September 2009 Newsletter

This is a peek into our lives now that we’ve settled into our new home and begun to establish new routines and traditions and create memories! After the stress of selling and moving, simply living is a blessing.


I have started pre-school home schooling Abel a few times a week, partly because I wanted to see how home schooling would work in the next few years and mostly because I was excited to use the whiteboard and chalkboard Jarret hung up for me!

This usually occurs during Tabi’s nap, starting at 1:30. We gather at the table in the front dining room, which has been converted into a home school room, and start with a prayer, the pledge, reciting our Bible verses, counting to twenty, and singing the alphabet song. Lachlan is able to participate during this time, chiming in with “my cup runneth over!” at the appropriate time during Psalm 23, and other cute comments.

Then Abel practices writing the few letters that we have started working on (A,B,C, and T) while Lachlan industriously “writes” on his tablet. Usually “O” and “Q”.  Once a rather good “A”, on accident.

Then we might introduce a new letter, and discuss the sound it makes, or review identifying the beginning sounds of words and writing the letter. Abel usually does one or two pages in his phonics book, while Lachlan colors in his Sesame Street coloring book. More time is spent discussing the colors of the crayons and the fact that they are not broken than actually coloring.

Abel is doing great at identifying all the letters and knows many of their sounds. His writing (as can be expected) is sometimes upside down or backwards, but we’re not worried about it. It’s just fun discussing letters and sounds together and engaging that ever-interested mind!

I’m loosely keeping in mind the classical method of education, which takes advantage of a child’s natural stages of thinking. The first stage, called the Grammar stage, (about 0-10 years) is characterized by the infinite ability to memorize. Therefore, I’m taking advantage of this and will be teaching the boys Bible verses, poems, patriotic speeches and writings, the presidents…the list is endless and exciting! God put this interest and ability in each child and, even if a parent spends no time capitalizing on it, a child will be memorizing “Eeny, meeny, miney moe”. It’s natural!

The following stages, Dialectic and Rhetoric, build upon the framework of facts and memorization to encourage the children to think and reason (the “why” of the facts that they have learned) for themselves and then begin to express those thoughts in persuasive and articulate ways.

My pre-school goals for Abel are: recognize all 26 letter and their sounds, be able to write them, and recognize numbers 1-20, and write them. I am not formally teaching anything except letters and numbers, but I hope to make each day full of observation of nature, people, weather, anything! and talking and telling stories! (About the imaginary Aberon and Labigdan, and their sister, Tamitha, of course, who “coincidentally” have similar life experiences to my kids. ;) This stage of life, where our kids LOVE hearing what we have to say and could listen to stories and explanations all day, will not last forever and I‘m going to enjoy it!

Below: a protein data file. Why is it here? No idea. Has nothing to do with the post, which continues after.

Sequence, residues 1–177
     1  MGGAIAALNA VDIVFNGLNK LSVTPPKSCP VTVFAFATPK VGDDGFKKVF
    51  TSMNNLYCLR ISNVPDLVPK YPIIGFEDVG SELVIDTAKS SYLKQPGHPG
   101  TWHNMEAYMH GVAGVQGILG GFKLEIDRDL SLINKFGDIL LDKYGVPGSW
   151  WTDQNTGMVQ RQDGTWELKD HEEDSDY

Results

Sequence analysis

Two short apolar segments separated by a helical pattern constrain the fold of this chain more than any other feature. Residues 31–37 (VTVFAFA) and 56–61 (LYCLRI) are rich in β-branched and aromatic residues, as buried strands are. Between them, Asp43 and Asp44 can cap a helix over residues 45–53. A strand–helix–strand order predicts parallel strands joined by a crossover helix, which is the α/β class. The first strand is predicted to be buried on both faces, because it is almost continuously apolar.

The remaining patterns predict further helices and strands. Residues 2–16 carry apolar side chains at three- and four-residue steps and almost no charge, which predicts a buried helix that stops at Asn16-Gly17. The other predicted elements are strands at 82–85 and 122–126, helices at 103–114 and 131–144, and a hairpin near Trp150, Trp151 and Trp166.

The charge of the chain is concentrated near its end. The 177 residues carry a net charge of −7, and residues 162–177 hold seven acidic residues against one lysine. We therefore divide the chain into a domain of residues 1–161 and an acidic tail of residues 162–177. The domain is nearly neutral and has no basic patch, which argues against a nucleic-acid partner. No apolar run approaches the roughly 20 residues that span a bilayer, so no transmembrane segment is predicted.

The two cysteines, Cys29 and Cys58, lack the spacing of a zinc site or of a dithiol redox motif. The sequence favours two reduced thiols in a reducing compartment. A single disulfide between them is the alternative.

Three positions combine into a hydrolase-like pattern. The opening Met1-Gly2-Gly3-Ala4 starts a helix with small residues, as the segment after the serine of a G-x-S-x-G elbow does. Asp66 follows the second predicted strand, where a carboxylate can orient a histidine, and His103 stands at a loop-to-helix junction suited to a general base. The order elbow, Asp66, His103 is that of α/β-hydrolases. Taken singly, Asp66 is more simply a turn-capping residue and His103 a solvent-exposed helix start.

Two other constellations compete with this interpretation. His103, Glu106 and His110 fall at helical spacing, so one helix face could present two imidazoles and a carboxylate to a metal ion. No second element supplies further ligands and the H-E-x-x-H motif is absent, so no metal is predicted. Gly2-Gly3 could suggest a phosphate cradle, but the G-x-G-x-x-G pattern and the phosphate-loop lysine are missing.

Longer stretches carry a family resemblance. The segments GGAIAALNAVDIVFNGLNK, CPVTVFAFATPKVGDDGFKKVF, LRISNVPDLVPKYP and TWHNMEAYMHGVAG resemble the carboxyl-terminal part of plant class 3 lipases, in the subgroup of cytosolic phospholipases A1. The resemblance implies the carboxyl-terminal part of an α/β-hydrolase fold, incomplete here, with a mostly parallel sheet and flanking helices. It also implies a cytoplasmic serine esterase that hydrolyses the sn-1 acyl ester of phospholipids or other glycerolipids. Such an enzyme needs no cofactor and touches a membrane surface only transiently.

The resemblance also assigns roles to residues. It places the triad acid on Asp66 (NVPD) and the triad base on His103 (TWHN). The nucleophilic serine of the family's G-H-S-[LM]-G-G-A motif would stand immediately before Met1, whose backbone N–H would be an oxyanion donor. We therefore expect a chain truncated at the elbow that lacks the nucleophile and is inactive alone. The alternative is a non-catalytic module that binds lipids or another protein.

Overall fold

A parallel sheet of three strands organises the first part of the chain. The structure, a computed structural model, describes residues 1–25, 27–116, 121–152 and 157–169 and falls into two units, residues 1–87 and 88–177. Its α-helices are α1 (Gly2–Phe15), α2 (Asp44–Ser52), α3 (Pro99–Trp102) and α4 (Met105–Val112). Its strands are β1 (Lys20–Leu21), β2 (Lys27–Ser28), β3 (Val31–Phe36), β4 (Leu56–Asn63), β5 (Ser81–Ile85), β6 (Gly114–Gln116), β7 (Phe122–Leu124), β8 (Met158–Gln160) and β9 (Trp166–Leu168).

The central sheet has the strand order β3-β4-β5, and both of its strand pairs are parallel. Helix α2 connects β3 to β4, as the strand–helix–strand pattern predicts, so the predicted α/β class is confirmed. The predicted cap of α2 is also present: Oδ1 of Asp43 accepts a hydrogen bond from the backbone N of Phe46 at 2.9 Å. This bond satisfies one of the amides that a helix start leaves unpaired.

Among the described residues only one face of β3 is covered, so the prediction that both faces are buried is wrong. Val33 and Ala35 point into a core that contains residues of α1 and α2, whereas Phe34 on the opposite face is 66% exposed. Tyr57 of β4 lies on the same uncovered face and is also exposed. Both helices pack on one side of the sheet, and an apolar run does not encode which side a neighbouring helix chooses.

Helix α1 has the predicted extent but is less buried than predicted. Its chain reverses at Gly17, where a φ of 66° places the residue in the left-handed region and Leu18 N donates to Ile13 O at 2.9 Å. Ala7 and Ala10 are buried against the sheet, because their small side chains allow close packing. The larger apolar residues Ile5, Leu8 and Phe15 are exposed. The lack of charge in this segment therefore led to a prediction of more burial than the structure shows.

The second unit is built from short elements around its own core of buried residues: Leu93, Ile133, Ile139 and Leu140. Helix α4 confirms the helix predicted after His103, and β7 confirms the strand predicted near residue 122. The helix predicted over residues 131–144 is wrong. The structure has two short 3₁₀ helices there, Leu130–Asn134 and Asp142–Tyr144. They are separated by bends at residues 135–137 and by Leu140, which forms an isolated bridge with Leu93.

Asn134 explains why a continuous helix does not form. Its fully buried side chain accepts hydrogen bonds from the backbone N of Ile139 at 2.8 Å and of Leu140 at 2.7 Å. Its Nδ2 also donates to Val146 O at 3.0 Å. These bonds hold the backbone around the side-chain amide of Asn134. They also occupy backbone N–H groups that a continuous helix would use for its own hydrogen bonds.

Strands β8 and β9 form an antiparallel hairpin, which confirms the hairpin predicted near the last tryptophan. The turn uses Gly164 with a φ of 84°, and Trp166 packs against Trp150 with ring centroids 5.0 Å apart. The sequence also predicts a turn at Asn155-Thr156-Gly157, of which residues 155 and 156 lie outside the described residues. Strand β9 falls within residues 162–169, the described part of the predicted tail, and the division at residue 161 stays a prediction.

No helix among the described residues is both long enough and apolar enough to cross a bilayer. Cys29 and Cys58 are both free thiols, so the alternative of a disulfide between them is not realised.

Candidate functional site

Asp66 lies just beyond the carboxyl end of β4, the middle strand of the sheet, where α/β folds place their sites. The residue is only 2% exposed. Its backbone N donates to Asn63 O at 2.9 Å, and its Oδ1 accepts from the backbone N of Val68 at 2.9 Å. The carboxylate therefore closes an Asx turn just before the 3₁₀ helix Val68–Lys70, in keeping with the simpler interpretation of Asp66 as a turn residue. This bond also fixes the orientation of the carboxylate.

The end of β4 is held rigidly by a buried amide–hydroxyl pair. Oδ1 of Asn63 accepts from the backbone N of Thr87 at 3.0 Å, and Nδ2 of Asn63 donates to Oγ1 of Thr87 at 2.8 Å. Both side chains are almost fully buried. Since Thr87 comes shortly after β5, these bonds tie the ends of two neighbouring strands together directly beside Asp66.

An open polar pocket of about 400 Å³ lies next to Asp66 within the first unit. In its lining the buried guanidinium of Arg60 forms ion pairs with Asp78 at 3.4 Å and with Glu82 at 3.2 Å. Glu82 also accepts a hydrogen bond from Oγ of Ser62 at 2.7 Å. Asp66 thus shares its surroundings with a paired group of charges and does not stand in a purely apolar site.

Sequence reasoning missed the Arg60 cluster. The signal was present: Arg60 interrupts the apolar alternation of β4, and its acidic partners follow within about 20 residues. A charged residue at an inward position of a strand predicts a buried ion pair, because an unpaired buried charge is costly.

It’s always fun to talk with Abel. His vocabulary, of course, is hilariously grown-up. He always asks to sit on the porch and watch when we’re expecting someone to come over, often a hour too early. This morning he was waiting for Mel to come, but, since it was frosty and foggy, came in early, announcing, “I failed. I didn‘t wait long enough.” Not in a depressed or negative way, just factually. He loves collecting bits of nature in egg cartons which he decorates with stickers, and we like to find things on walks for his collection. He’s pretty bossy with his siblings, but for the moment gets away with it, thanks to the relatively easy going nature of Lachlan. He’s amazingly skilled at bike riding without training wheels, doing tricks like picking up both feet and resting them on the bike’s frame or going “off-roading” with confidence. He’s great at organizing, so often gets stuck sorting toys. He’s getting good at coloring, often meticulously coloring a picture in his coloring book blue–all blue. And then three other pages all blue.


Lachlan always wakes up with an adorable smile, wandering good-naturedly down the hall for breakfast. He is full of imagination, and can usually be found playing with anything–narrating a conversation between two pretzels, or carrying a stick with a few weeds hanging off of it and declaring that he has caught a fish. When he rides his Thomas bike, he can “beast it” if he really wants to, but he’s usually too busy looking at all the interesting scenery to keep up with Mom and Abel. When he realizes he needs to catch up, he leans low, pedals hard, and swings his handlebars right and left with his pedaling motion. He’s almost completely potty-trained now, and seems so much older. He loves to describe his success, so don’t ask him too much about it unless you like details. He has a stubborn streak that shows up now and then, but otherwise is quickest to forgive and never holds a grudge. He doesn’t want to be called “silly” anymore and doesn’t like being laughed at. He looks at you suspiciously if he suspects that you’re laughing at him more than with him.